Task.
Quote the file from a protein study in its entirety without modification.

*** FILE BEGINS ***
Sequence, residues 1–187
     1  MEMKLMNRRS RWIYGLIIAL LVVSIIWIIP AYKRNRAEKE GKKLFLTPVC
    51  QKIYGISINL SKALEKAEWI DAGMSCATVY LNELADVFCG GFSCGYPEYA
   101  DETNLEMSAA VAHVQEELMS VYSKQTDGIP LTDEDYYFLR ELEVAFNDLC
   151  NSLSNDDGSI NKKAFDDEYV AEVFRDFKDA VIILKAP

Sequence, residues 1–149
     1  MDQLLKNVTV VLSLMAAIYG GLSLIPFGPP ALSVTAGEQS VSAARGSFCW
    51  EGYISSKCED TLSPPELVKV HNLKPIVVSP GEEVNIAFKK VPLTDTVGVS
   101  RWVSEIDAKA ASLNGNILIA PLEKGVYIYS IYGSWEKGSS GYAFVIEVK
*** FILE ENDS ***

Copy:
Sequence, residues 1–187
     1  MEMKLMNRRS RWIYGLIIAL LVVSIIWIIP AYKRNRAEKE GKKLFLTPVC
    51  QKIYGISINL SKALEKAEWI DAGMSCATVY LNELADVFCG GFSCGYPEYA
   101  DETNLEMSAA VAHVQEELMS VYSKQTDGIP LTDEDYYFLR ELEVAFNDLC
   151  NSLSNDDGSI NKKAFDDEYV AEVFRDFKDA VIILKAP

Sequence, residues 1–149
     1  MDQLLKNVTV VLSLMAAIYG GLSLIPFGPP ALSVTAGEQS VSAARGSFCW
    51  EGYISSKCED TLSPPELVKV HNLKPIVVSP GEEVNIAFKK VPLTDTVGVS
   101  RWVSEIDAKA ASLNGNILIA PLEKGVYIYS IYGSWEKGSS GYAFVIEVK